IN TEXAS, 70 PERCENT SAY THEY EXECUTED INNOCENTS, 75 PERCENT SAY KEEP 'EM COMING....
Poll: Texans still favor death penalty
Seven of 10 Texans believe the state has executed innocent people, but 75 percent also support continuing the death penalty, according to the Scripps Howard Texas Poll.
The percentage of Texans who say the state has executed innocent inmates has increased 13 points since spring 2000.
But Dianne Clements, president of the victims’ advocacy group Justice for All, said she doubts innocent people have been executed. Those who believe innocent people have died is the result of a propaganda campaign by anti-death penalty groups, she said.
"It is all a theoretical idea," she said. "There is no proof."
The state perennially leads the nation in the number of executions annually and is often called the execution capital of the world.
Recent reports of crime lab snafus in Houston and the exoneration in October of former death row inmate Ernest Ray Willis may have contributed to the rising number of people who think the state executed innocent people, anti-death penalty activists say.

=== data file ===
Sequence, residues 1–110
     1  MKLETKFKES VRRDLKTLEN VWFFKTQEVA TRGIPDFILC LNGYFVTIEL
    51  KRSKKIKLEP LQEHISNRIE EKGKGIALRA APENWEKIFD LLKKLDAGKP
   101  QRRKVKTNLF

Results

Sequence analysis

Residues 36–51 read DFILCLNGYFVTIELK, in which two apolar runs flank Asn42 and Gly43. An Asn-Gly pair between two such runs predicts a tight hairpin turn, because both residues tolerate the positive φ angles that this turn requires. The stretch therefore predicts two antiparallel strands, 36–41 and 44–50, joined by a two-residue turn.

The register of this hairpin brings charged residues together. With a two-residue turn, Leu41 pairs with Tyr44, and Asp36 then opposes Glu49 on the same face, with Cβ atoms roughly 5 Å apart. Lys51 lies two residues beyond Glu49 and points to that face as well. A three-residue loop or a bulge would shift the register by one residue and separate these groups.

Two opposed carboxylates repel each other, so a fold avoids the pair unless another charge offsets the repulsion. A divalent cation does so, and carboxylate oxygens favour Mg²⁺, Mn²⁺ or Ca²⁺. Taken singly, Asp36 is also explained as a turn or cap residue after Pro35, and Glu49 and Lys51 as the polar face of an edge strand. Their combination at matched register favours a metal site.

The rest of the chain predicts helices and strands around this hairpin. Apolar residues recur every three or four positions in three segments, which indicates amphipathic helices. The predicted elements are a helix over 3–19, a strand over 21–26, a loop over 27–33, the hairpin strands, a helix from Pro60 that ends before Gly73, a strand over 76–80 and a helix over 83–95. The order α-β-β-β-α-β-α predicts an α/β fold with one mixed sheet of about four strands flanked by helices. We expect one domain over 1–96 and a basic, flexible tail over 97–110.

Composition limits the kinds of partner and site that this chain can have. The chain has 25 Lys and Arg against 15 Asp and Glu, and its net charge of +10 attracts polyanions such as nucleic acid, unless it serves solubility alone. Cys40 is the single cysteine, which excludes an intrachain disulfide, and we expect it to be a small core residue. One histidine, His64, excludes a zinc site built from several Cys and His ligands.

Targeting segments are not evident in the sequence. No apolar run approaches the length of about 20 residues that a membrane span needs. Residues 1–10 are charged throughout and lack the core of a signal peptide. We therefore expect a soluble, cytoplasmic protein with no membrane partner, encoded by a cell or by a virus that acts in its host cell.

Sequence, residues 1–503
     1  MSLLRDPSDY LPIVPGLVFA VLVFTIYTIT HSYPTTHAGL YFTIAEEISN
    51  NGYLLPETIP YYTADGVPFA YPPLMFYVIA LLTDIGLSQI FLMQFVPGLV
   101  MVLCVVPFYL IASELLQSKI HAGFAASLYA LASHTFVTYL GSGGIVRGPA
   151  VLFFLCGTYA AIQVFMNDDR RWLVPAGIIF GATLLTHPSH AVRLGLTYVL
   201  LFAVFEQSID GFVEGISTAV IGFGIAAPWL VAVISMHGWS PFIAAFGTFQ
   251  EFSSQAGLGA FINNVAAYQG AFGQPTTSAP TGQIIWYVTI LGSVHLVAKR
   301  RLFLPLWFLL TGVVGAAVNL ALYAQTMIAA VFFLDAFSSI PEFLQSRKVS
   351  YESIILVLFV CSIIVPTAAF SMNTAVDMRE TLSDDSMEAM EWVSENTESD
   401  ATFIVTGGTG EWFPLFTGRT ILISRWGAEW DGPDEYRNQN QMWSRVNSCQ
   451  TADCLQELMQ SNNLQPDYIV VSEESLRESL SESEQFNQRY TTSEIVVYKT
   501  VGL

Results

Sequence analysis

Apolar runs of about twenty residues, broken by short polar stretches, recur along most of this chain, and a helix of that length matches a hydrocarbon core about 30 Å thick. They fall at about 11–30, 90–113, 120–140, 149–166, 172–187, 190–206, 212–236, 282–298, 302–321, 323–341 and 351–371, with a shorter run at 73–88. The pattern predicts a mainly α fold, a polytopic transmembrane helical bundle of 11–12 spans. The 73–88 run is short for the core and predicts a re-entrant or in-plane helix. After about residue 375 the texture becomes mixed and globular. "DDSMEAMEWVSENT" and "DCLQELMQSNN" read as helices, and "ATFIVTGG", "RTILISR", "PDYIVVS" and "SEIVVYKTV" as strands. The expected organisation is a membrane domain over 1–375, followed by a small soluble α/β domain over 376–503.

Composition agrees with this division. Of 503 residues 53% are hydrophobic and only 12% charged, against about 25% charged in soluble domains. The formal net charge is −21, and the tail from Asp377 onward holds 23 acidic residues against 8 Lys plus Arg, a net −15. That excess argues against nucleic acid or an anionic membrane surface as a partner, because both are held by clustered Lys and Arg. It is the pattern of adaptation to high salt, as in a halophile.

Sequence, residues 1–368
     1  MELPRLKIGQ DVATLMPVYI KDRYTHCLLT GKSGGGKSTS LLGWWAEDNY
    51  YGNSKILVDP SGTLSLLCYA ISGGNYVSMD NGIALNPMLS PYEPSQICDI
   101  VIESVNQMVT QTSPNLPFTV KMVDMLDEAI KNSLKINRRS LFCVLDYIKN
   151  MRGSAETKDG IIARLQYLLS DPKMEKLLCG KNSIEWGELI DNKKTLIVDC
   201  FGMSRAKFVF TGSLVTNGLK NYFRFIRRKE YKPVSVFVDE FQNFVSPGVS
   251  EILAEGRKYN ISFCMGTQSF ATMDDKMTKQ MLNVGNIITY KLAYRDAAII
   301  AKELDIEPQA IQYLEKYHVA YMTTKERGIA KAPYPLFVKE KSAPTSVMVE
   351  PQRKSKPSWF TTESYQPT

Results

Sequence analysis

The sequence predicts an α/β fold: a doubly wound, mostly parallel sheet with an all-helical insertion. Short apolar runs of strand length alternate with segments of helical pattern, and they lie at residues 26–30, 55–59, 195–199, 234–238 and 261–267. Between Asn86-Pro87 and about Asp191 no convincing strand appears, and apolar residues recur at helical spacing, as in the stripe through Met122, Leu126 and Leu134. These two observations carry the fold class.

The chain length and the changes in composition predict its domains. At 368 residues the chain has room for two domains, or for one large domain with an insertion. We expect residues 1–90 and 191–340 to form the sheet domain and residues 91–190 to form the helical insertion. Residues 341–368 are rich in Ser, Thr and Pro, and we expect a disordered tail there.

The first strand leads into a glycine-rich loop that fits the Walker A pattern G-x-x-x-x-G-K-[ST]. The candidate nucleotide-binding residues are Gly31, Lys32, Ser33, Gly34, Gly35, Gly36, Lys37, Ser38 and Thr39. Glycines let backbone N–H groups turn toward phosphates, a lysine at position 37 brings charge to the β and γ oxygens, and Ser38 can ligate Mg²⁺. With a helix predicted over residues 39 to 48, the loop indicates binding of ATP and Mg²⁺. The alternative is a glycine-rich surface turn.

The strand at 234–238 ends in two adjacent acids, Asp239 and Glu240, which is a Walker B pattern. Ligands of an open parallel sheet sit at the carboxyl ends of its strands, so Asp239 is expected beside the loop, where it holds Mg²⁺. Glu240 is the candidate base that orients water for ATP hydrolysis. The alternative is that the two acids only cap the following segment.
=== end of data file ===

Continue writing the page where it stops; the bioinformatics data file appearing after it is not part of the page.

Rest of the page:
But even though support for the death penalty is strong, Texans are divided over a moratorium on executions so officials can study the issue. Fifty-two percent of Texans oppose a moratorium and 44 percent support the idea.
...Texas law allows for the execution of people who commit capital murder at the age of 17. So far the youngest people executed in Texas were 24 years old: Jay Pinkerton of Nueces County, executed in 1986, and Jesse De La Rosa of Bexar County, executed in 1985.
Fifty-one percent of Texans favor the law allowing for the execution of someone who committed capital murder at the age of 17, a 9-percentage point drop from February 2003.